Think of an onion – as you peel it, layer by layer, it starts to unpack a lot of punch.
Traditional business models center around single-stream processes, which they manage and execute inhouse. It often creates bottlenecks and increases dependencies. But more importantly, it has an adaptability problem with changing customer demands.
Artificial Intelligence and other technologies are enabling significant changes in the economy. Now the time is ripe to make transformative changes; hence business as a platform!
The core idea
Typically, the platform business model suggests that you need to facilitate exchange between consumers and producers. By definition, it implies and relies on other entities apart from the business itself. It also suggests that platform businesses do not own production assets.
However, this is a different paradigm. Here, businesses that own production assets do not need to relinquish them. Instead, repurpose and augment them differently.
For example, AWS and Microsoft use a similar business model inhouse. They use their assets in two ways – one, to run their own business, and two, to sell these assets to their customers. In software parlance, we say, “eating your own dog food.”
Businesses that own production assets do not need to relinquish them, just repurpose and augment them differently.
The best analogy to understand this idea is to think about how your computer is structured. The first layer is an operating system that provides device-level access to hardware resources such as a printer, mouse, etc. The second layer is a higher-level operating system that eases user-access through a graphical user interface. With these two layers in place, you can install any compatible software or app of your choice on this laptop, and this is the third layer. A fourth layer could exist in terms of services for each of those apps and add-ons.
For a business as a platform, it could mean that the management, partner relations, technology & systems, and access to assets could form the core layer. The next layer will be in the form of expertise and movable resources, involving labor, experts, technology assets, etc. This layer can be equivalent to a lightweight SBU (strategic business unit). Once they achieve their goal, the team can disperse and reorganize for the next target. The outer-most layer can be various services you provide as a business, through movable groups and systems.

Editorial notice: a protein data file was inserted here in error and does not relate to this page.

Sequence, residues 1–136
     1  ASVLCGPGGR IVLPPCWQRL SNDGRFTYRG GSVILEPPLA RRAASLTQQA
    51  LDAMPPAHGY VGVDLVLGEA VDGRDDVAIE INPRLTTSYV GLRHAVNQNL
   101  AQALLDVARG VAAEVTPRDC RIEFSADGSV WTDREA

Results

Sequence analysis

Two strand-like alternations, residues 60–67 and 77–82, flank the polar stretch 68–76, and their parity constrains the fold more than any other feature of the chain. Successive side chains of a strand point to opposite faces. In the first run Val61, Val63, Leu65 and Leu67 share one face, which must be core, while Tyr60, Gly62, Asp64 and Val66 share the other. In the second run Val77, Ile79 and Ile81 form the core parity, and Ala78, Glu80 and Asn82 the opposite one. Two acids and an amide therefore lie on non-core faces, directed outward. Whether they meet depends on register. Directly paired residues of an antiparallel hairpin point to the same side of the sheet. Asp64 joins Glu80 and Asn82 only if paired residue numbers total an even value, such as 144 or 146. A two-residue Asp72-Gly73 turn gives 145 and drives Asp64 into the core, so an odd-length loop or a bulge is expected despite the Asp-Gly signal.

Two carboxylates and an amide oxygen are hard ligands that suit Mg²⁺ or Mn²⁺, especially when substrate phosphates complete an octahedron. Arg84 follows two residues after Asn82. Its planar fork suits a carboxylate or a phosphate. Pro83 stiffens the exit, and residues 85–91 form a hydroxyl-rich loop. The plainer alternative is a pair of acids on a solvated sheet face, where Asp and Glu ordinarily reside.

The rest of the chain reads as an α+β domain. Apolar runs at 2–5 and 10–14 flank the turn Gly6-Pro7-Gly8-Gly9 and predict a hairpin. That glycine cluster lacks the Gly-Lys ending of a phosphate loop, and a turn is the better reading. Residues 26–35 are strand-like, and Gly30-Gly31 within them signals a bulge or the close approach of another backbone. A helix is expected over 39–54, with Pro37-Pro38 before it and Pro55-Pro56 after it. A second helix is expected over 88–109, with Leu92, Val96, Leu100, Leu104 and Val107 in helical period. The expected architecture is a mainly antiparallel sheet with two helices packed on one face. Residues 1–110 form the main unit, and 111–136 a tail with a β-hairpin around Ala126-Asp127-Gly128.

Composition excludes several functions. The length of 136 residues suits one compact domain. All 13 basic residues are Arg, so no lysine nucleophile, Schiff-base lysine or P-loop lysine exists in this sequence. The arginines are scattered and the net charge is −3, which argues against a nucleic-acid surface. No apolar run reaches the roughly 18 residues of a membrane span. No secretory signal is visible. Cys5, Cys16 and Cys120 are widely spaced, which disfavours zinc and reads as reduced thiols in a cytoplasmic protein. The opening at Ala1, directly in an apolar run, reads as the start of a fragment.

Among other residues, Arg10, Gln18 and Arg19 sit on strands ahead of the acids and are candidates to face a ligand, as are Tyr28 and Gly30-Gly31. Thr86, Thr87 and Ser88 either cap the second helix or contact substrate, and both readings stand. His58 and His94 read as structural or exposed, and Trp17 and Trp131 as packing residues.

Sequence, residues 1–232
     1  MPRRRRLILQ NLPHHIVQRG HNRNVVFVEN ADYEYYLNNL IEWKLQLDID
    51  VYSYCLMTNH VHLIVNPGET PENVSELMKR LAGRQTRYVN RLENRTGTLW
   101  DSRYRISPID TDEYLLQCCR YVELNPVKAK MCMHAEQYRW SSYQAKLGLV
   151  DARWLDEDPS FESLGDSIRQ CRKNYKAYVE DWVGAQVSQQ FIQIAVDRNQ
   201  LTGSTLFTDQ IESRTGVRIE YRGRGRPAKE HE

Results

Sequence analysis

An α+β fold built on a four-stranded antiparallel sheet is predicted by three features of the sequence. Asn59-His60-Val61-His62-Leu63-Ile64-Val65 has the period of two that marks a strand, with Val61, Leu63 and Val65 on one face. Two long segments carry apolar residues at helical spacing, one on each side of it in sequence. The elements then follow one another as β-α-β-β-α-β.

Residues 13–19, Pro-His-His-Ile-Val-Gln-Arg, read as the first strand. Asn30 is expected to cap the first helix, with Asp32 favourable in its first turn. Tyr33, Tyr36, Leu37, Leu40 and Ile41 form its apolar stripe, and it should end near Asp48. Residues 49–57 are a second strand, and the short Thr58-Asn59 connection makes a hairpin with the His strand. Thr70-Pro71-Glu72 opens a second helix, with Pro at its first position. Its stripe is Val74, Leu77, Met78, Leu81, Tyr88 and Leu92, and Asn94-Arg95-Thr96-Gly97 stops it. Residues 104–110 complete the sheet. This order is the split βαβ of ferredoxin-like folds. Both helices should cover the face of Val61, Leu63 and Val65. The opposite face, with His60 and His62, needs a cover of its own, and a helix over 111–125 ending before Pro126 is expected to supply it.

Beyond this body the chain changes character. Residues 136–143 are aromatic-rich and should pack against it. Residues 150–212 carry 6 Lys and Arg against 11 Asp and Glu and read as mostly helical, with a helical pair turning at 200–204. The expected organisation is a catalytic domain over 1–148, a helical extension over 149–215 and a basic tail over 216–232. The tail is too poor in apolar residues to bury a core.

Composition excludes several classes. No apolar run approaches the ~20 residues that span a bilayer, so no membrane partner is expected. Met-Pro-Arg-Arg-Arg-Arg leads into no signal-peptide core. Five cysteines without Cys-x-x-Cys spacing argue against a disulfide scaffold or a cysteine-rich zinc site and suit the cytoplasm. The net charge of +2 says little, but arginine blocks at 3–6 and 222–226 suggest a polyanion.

A few benefits
While aligning the business as a platform can give better control over costs, it will also enable better utilization of assets, especially when you have AI and digital infrastructure in the mix.
Having the right mix of assets will enable a high degree of agility. In-turn, it will help people to work together and achieve challenging jobs much more quickly.
Treating business as a platform means multiple products and services can come out of different teams. They all can coexist and serve users – internal users and external customers, both.
Of course, the first step would be to assess your business and see how much it aligns with this concept. See if it would make sense for your business in the future. And if it does, pilot it for one unit. Once you are comfortable, expand the scope with more groups. Repeat till you transform.
Think of an onion; again! When you build the business as a platform, it will have a similar punch to take on with the competition, enable the future of work, and help you adapt quickly and survive in turbulent times.
Business as a platform will help you adapt quickly and survive in turbulent times.
About the author
Anand Tamboli is an entrepreneur, award-winning author, global speaker, futurist, and highly sought after thought leader. He works with organizations that want to transform into a sustainable brand with creative and innovative employees. Anand specializes in areas that intersect with technology and people. Being a polymath, he can often shed new light on a topic that you think has been “done to death.” Having worked with several Fortune 500 multinationals for the past two decades, Anand draws upon his cross-industry and multi-cultural experience.